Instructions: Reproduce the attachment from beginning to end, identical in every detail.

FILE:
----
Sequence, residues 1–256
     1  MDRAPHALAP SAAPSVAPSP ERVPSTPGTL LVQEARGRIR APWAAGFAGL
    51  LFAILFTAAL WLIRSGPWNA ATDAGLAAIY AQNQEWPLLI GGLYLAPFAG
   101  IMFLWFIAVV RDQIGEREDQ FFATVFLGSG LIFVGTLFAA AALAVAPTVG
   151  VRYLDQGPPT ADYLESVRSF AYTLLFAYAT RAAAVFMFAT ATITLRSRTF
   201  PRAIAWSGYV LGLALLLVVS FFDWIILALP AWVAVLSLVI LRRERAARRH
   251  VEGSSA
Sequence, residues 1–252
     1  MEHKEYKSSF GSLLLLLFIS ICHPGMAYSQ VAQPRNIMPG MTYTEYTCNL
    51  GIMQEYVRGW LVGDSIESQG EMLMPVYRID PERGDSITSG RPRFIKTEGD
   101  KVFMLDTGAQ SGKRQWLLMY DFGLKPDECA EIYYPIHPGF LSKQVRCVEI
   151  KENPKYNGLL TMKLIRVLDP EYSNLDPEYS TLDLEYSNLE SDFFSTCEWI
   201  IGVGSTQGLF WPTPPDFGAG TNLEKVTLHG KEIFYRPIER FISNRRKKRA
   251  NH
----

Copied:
Sequence, residues 1–256
     1  MDRAPHALAP SAAPSVAPSP ERVPSTPGTL LVQEARGRIR APWAAGFAGL
    51  LFAILFTAAL WLIRSGPWNA ATDAGLAAIY AQNQEWPLLI GGLYLAPFAG
   101  IMFLWFIAVV RDQIGEREDQ FFATVFLGSG LIFVGTLFAA AALAVAPTVG
   151  VRYLDQGPPT ADYLESVRSF AYTLLFAYAT RAAAVFMFAT ATITLRSRTF
   201  PRAIAWSGYV LGLALLLVVS FFDWIILALP AWVAVLSLVI LRRERAARRH
   251  VEGSSA
Sequence, residues 1–252
     1  MEHKEYKSSF GSLLLLLFIS ICHPGMAYSQ VAQPRNIMPG MTYTEYTCNL
    51  GIMQEYVRGW LVGDSIESQG EMLMPVYRID PERGDSITSG RPRFIKTEGD
   101  KVFMLDTGAQ SGKRQWLLMY DFGLKPDECA EIYYPIHPGF LSKQVRCVEI
   151  KENPKYNGLL TMKLIRVLDP EYSNLDPEYS TLDLEYSNLE SDFFSTCEWI
   201  IGVGSTQGLF WPTPPDFGAG TNLEKVTLHG KEIFYRPIER FISNRRKKRA
   251  NH